In the oeuvre of the artist, and more generally the works of artists from the Contemporary Art Group, symbolism is omnipresent. They used a wide range of motifs, which belong to the popular Egyptian visual culture, and recall an idea, or a theory, that the public at large is able understand. Again, the childhood of Hamed Nada in Sayeda Zeinab, was a significant source of inspiration. The area was known to attract fortune-tellers, and where some rituals, and sessions of exorcism were practiced. Additionally, many festivals with magicians, acrobats, and religious celebrations, especially the moulid – commemoration of the Prophet Muhammad’s birth –, were held. This vibrant, and enchanting environment highly nourished the imagery of Nada, as he remembered: ‘My father used to speak to me a lot about insane saints and dervishes. So, like everybody else, I would kiss their hands, seeking their blessings and wanting to satisfy God and the jinn as well’. The iconography of Hamed Nada’s artworks reveals an important part of his attachment to folk culture, magic and mythology. In the painting Little Mermaid (1979), also part of the Dalloul Art Foundation’s collection, he portrayed with a palette of warm colors a mermaid, who stands in the middle of the composition, and surrounded by fish. The myth of the mermaid is commonly inherent to the Western culture, but this half-woman half-fish creature does belong to the Arab-Islamic culture too. As a matter of fact, in the famous, and old collection of tales One Thousand and One Nights (Alf Laylah wa-Laylah), Julnar is a Sea-born creature, who was gifted as a slave girl to King Shahriman. Here, Hamed Nada demonstrated his fascination for tales, that he used to discuss the nature, and enjoy the imaginary world, in which the reader, or the listener are embarked. In a surrealist manner, he progressively integrated in his pieces some elements such as cats, keys, and clocks, which superimpose on top of each other.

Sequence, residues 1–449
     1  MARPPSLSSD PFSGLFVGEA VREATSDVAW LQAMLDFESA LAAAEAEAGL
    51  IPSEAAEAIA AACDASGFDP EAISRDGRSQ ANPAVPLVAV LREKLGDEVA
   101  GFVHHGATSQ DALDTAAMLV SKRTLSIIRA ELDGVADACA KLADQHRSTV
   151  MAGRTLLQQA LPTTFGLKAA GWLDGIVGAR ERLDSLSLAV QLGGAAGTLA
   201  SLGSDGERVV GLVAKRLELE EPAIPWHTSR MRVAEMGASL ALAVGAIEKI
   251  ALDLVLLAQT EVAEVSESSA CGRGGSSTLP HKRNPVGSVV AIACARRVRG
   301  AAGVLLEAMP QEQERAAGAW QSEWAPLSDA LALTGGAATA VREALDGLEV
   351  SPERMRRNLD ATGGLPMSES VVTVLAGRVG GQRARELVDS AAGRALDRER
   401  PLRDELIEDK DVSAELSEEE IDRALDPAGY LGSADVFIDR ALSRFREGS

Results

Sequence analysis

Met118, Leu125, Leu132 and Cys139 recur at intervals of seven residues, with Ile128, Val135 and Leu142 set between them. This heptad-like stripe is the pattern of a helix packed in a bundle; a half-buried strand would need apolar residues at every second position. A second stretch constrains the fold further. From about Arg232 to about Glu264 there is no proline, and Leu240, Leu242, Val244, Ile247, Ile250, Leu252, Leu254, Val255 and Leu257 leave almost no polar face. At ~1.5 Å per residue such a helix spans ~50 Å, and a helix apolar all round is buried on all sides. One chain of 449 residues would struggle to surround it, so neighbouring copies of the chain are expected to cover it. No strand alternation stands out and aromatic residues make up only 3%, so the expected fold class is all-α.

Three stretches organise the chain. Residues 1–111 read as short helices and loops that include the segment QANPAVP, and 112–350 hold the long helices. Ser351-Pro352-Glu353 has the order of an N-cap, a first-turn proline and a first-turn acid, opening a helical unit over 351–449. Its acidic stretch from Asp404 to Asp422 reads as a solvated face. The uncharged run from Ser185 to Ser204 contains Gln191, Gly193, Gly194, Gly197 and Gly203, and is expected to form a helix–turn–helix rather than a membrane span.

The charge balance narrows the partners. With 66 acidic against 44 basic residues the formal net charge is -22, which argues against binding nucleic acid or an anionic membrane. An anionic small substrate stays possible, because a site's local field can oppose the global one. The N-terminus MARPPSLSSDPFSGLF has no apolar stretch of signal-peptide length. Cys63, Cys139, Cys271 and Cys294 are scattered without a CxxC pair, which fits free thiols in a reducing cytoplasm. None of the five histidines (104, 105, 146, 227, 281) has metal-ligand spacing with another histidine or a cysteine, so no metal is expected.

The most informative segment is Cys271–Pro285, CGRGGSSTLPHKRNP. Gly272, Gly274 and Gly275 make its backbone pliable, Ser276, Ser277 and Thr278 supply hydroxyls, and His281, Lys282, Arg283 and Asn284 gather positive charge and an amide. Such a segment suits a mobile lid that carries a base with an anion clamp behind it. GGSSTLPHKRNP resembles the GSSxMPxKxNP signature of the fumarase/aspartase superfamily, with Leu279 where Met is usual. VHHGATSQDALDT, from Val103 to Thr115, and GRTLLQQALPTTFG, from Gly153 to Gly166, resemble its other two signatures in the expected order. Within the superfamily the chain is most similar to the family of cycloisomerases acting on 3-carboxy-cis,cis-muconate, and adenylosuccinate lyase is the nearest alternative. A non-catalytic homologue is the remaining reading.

Hamed Nada was captivated by the drawings produced by his pupils, during his time as a teacher at a primary school. These drawings looked like mural painting. This marked a shift in his oeuvre as of the 1970s, when he started painting with a strong affiliation to the Ancient Egyptian, and Nubian artistic heritage. The artworks became full of bright colors, and the sad themes turned into dynamic, and joyful scenes. In the work Untitled (1987), part of DAF’s collection, Nada revealed a scene, where some people are dancing to the rhythm of the music, played by two hybrid creatures – half men and half-animal. He gave the composition a rough appearance, and somehow makes it look like a mural painting, through the ochre color of the bodies, and the lack of perspective. The entire work is a clear celebration of the Egyptian culture from the Pharaonic times, in particular, with the orange pyramid in the background, and in the stylization of the motifs, which resemble hieroglyphs. However, their treatment is different from the traditional form in the sense that the artist insisted on their mystic power, rather than their literal meanings.
The formation of the Contemporary Art Group marked a pivotal moment in the history of modern Egyptian art in the 19th, as the Lebanese writer, and art critic Aimé Azar wrote in the book entitled La Peinture moderne en Égypte, from 1961: ‘Egyptian painting began with a miracle around 1946’. The founding members of the movement preferred to choose the term of ‘contemporary’ (mu’asir) instead of using ‘modernity’ (hadatha), because it doesn’t mean a break with the past. Through a personal creation, Hamed Nada succeeded in making his paintings contemporary, by establishing a connection between he, the artist, and his audience.
Hamed Nada passed away in 1990.